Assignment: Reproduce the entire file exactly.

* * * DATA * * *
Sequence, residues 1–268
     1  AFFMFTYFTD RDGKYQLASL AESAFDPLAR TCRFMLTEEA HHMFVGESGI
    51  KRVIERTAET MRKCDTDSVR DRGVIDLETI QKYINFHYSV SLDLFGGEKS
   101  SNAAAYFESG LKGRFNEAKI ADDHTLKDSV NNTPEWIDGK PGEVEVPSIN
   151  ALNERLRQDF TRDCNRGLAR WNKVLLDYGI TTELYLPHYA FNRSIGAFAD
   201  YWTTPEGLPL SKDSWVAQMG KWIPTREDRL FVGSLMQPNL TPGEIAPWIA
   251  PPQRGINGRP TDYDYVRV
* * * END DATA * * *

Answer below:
Sequence, residues 1–268
     1  AFFMFTYFTD RDGKYQLASL AESAFDPLAR TCRFMLTEEA HHMFVGESGI
    51  KRVIERTAET MRKCDTDSVR DRGVIDLETI QKYINFHYSV SLDLFGGEKS
   101  SNAAAYFESG LKGRFNEAKI ADDHTLKDSV NNTPEWIDGK PGEVEVPSIN
   151  ALNERLRQDF TRDCNRGLAR WNKVLLDYGI TTELYLPHYA FNRSIGAFAD
   201  YWTTPEGLPL SKDSWVAQMG KWIPTREDRL FVGSLMQPNL TPGEIAPWIA
   251  PPQRGINGRP TDYDYVRV